Higher education

The Privy Council has a role in areas of higher education, having responsibilities both under the Royal prerogative and by statute.

Older (pre-1992) universities in England, Wales and Northern Ireland operate under a Royal Charter, which sets out their overall constitution, and statutes, which give more detail as to how the university should operate in practice. The Privy Council is responsible for advising Her Majesty on universities’ proposals to amend their Charter, and itself approving amendments to the statutes.

A university wishing to make such amendments to its constitution is advised to approach the Privy Council Office informally once it is reasonably certain what changes it wishes to make, but before formally agreeing the changes, so that informal consultations can take place with the Privy Council’s advisers. Following a formal resolution by the university and submission of the textual amendments, the Privy Council formally considers the proposals which are normally approved by Orders in Council (Charters) or Orders of Council (statutes). The formal submission should take the form of a signed and sealed resolution, and three copies, as well as an explanatory memorandum on the purpose and effect of the changes. An electronic form of the amendments should also be provided.

Most newer (post-1992) universities and certain other higher education institutions operate under an Instrument of Government and Articles of Government. Amendments to these documents for English institutions are not a matter for the Privy Council. However, if the institution is located in Wales, amendments to these documents need the approval of the Privy Council.

In Scotland, older universities operate under Royal Charters, while certain newer higher education institutions have governance documents which are the subject of statutory instruments. The Privy Council approves changes to both types of constitution. The very old Scottish Universities have Ordinances which are approved by the Privy Council under the Scottish Universities Acts. Scottish universities are advised to first make contact with higher education policy officials at the Scottish Government before submitting any matters to the Privy Council for consideration or approval.

Petitioning the Visitor

In certain cases, if a member of the university’s academic staff is aggrieved by an act or omission of a university, he or she may petition the Visitor for redress. The President of the Council exercises the visitor’s jurisdiction on behalf of Her Majesty The Queen concerning 16 Universities and Colleges. This note sets out information which should be useful for staff thinking of submitting a petition to the President of the Council in this role.

Changes to the Visitor’s jurisdiction were made by the Higher Education Act 2004. The Visitor no longer has any jurisdiction to consider complaints made by students or former students (or complaints made in respect of an application for admission), or from members of the academic staff in relation to an employment dispute. The Visitor’s jurisdiction is limited to adjudicating on petitions from members of the university’s academic staff on the interpretation and application of the institution’s Charter, Statutes, Ordinances etc, provided the point at issue is not an employment dispute.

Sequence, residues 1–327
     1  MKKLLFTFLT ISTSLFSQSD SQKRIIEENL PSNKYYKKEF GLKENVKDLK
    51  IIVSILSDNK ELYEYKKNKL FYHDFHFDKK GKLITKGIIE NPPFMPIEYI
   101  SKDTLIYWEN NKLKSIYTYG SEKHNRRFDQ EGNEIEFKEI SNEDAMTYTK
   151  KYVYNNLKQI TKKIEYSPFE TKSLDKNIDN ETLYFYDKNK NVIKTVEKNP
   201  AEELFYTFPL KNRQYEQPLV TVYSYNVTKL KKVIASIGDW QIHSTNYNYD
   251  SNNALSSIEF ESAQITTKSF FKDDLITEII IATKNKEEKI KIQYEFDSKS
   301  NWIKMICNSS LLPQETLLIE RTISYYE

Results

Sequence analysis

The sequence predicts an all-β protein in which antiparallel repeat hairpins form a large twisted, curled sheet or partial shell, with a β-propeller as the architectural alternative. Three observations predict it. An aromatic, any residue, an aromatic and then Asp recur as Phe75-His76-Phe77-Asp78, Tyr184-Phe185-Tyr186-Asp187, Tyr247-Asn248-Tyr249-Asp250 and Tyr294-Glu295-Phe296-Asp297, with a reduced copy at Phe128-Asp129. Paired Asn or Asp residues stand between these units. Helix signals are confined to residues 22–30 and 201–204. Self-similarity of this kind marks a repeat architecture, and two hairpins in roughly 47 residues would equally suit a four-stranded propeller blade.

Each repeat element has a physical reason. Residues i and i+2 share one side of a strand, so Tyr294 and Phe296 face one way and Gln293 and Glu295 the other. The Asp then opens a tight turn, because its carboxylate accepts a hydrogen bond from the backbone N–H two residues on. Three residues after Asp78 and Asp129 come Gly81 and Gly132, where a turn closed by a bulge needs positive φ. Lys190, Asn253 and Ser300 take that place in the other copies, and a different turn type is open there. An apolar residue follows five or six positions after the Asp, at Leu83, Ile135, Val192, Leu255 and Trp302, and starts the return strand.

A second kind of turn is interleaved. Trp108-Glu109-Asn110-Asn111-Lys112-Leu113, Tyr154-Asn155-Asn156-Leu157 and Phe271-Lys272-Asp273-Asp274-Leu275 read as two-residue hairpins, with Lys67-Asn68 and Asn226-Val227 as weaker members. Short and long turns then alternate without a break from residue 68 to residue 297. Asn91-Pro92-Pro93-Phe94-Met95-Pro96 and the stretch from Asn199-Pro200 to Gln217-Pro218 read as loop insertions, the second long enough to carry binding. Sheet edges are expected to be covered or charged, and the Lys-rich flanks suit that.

The Visitor has no jurisdiction whatsoever concerning complaints by students or former students or complaints in respect of an application for admission, regardless of the nature of the complaint. Student complaints are now dealt with by the Office of the Independent Adjudicator (OIA). Details of how to submit a complaint to OIA can be found on their website.

General background information

The Visitor may consider a petition from a member of the academic staff of a qualifying institution (see list of institutions) only if the matter has been raised internally within the institution and the petitioner has been informed that a final decision has been taken.

The Visitor’s role is to review the application by the University of its own internal procedures in dealing with the petitioner’s grievance. The Visitor will not normally intervene unless it can be shown that the University has failed to observe its own rules or procedures; or that, although it has followed the proper procedures, it has reached a decision that no reasonable body (properly directing itself, and taking account of all relevant factors) could have arrived at.

If a preliminary examination indicates that there is a prima facie case the petition will be sent to the institution for its answer, on which the petitioner will have an opportunity to comment. Cases are normally determined on the papers.

Petitions should be addressed to:

The Clerk of the Council
Privy Council Office
Room G/04
1 Horse Guards Road
London
SW1A 2HQ

and should be clearly marked “Petition to the Visitor”.

Institutions for which the President of the Council acts as Visitor

University of Birmingham
University of Bristol
University of Hull
Imperial College of Science Technology and Medicine
University of Keele
University of Leeds
University of Leicester
University of Liverpool
University of Nottingham
University of Reading
University of Sheffield
University of Southampton
University of Sussex
University of Wales

Note

The Visitor no longer has jurisdiction over student complaints. These should be submitted to the Office of the Independent Adjudicator for Higher Education (OIAHE).